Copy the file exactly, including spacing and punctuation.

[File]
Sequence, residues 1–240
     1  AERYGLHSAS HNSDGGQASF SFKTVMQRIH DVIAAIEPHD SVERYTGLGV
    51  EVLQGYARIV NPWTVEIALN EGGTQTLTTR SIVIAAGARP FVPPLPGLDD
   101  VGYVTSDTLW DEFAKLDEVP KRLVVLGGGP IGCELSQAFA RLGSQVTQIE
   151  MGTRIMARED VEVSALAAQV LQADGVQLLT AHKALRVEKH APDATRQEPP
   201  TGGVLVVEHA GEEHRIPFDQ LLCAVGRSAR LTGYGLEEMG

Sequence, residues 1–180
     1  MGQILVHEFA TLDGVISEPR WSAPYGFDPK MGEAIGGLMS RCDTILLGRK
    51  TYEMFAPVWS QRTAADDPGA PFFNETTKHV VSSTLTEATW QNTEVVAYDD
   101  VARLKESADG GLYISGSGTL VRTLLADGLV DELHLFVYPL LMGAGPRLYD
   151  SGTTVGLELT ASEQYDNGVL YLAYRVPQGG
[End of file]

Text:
Sequence, residues 1–240
     1  AERYGLHSAS HNSDGGQASF SFKTVMQRIH DVIAAIEPHD SVERYTGLGV
    51  EVLQGYARIV NPWTVEIALN EGGTQTLTTR SIVIAAGARP FVPPLPGLDD
   101  VGYVTSDTLW DEFAKLDEVP KRLVVLGGGP IGCELSQAFA RLGSQVTQIE
   151  MGTRIMARED VEVSALAAQV LQADGVQLLT AHKALRVEKH APDATRQEPP
   201  TGGVLVVEHA GEEHRIPFDQ LLCAVGRSAR LTGYGLEEMG

Sequence, residues 1–180
     1  MGQILVHEFA TLDGVISEPR WSAPYGFDPK MGEAIGGLMS RCDTILLGRK
    51  TYEMFAPVWS QRTAADDPGA PFFNETTKHV VSSTLTEATW QNTEVVAYDD
   101  VARLKESADG GLYISGSGTL VRTLLADGLV DELHLFVYPL LMGAGPRLYD
   151  SGTTVGLELT ASEQYDNGVL YLAYRVPQGG